Manuel Díaz Executive Director, APLA
"The extreme dependence on certain raw materials from particular countries has caused a rethink of the whole dynamic. Latin America should be more self-sufficient in certain products such as urea."
What are the main themes of APLA’s Annual Meeting in Cancun?
The petrochemical industry exited the pandemic in a good shape, yet it immediately entered another crisis of economic slowdown and high energy and logistic costs. This is creating uncertainty. One of the key themes during our annual meeting is an analysis of energy prices and access to feedstock. Another area of concern is logistics. As Europe requires more LNG, this is already affecting the normal flow of ships in Latin America. Moreover, another question is: Is the plan to move towards a net-zero carbon industry at risk? Finally, one of the key pillars of our meeting is sustainability.
How is the geopolitical and economic scenario affecting industry dynamics?
The weakening of the euro is related to negative economic projections in Europe. More than the exchange rate as such, what is affecting the industry more deeply is the economic slowdown, because this may cause adjustments to production capacities, generating either a shortage of certain products or higher costs. Then, if the current gas supply constraints in Europe worsen, that will definitely have a negative impact on global logistics. With regards to high oil prices, this has two impacts: one on the production chains of petrochemical products, especially in countries with naphtha-based industries, and one on the general economic situation.
In terms of the energy transition, the main question is if the current context of high energy prices and supply disruptions can act as an accelerator. There is a lot of energy capacity that needs to be replaced, but this crisis can act as an opportunity for a matrix that is both more renewable and more based on local resources. Brazil is investing heavily in wind farms, for instance.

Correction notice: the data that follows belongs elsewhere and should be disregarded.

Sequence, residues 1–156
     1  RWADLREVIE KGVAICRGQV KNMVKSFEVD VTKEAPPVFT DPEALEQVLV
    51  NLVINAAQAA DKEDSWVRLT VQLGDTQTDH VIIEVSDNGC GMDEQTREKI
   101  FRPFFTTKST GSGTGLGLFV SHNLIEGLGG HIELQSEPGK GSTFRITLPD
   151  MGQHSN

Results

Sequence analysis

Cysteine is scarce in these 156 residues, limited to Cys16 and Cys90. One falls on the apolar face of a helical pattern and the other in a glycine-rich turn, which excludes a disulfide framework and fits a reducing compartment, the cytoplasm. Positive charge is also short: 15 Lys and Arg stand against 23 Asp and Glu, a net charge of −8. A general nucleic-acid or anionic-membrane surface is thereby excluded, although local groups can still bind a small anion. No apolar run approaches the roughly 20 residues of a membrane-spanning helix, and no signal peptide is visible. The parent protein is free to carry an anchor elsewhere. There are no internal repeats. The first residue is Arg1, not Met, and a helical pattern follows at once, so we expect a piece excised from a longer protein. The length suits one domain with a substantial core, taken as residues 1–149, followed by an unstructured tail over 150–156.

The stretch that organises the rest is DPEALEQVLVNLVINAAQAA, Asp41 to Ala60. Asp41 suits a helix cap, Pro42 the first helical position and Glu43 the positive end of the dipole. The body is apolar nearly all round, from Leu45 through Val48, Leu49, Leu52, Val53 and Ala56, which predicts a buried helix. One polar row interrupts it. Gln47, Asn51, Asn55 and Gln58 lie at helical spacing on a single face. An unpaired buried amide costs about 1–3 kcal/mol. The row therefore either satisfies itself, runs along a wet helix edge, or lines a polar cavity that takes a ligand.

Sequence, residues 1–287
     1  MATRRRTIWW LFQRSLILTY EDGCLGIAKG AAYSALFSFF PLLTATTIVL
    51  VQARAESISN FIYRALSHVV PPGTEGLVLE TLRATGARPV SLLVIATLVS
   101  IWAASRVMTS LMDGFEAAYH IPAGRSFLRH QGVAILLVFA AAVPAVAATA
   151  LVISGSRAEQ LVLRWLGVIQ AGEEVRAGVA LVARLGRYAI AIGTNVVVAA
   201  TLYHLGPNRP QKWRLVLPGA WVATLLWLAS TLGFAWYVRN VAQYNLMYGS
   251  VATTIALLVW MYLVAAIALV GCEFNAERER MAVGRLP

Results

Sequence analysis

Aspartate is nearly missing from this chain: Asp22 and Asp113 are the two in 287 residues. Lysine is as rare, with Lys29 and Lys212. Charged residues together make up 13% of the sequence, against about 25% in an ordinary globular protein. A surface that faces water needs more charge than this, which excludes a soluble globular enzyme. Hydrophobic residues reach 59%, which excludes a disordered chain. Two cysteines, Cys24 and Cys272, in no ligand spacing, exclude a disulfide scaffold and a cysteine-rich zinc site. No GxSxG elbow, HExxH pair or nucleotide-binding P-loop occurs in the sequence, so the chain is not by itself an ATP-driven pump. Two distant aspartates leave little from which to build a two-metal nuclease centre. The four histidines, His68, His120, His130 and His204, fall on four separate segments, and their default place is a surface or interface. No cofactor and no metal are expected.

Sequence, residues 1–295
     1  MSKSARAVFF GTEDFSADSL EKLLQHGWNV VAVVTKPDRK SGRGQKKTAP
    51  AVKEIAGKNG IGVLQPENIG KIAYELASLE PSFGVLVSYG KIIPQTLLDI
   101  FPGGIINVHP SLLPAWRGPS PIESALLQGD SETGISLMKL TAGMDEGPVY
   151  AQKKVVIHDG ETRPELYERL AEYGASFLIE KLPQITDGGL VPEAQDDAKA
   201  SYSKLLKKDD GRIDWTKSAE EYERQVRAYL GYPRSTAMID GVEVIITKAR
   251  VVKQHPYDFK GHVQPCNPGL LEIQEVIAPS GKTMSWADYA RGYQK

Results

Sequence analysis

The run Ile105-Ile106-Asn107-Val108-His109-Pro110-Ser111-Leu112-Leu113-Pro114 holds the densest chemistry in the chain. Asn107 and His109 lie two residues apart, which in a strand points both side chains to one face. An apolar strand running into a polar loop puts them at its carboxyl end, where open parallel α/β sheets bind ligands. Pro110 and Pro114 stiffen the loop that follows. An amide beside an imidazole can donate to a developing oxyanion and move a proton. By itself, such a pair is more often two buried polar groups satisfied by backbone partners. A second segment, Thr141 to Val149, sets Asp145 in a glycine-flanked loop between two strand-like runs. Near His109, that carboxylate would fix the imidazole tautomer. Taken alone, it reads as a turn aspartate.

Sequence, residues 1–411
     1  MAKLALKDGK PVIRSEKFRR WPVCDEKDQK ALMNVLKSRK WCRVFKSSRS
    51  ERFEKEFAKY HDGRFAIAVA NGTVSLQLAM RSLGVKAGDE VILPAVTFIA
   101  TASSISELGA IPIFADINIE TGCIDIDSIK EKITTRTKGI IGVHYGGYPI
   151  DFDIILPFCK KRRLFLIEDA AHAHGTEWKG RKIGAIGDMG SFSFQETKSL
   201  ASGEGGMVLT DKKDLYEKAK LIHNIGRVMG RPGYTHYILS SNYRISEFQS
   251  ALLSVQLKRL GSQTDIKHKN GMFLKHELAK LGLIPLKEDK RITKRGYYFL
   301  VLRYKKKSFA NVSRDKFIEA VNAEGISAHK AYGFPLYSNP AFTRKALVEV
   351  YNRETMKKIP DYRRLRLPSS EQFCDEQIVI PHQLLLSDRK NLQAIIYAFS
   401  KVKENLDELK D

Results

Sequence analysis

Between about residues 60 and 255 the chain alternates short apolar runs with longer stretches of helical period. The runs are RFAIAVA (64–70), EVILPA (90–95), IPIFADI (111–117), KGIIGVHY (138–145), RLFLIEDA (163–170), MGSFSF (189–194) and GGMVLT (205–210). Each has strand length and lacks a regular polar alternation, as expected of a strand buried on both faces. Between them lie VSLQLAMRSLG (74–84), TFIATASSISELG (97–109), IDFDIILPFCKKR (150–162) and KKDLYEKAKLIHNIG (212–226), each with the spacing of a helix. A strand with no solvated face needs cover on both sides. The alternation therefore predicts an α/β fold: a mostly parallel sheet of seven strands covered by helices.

Can this be an opportunity for Latin America to be more self-sufficient?
A reduction of globalization levels is already underway. The extreme dependence on certain raw materials from particular countries has caused a rethink of the whole dynamic. Latin America should be more self-sufficient in certain products such as urea; this would be a logical geopolitical step for the future of the region, and goes beyond the current Russia-Ukraine conflict.
Also, the development of unconventionals plays a key role in this process to add value to the regional economies. The continuous progress in this respect, particularly in Argentina, is helping reduce the amount of liquified natural gas (LNG) that the country imports every year. For that, the construction of a gas pipeline is still pending, so the products of Vaca Muerta can be exported. Argentina has restarted investments in this area and some projects have been announced whereby the country would invest in liquefaction facilities, which would transform Argentina into an LNG exporter. There are also projects to restart exports of natural gas to Chile, and even export natural gas to Brazil, but these plans are still preliminary. Regionally, the main petrochemical project underway is the construction of an ethane import plant in Mexico at Braskem Idesa’s facility.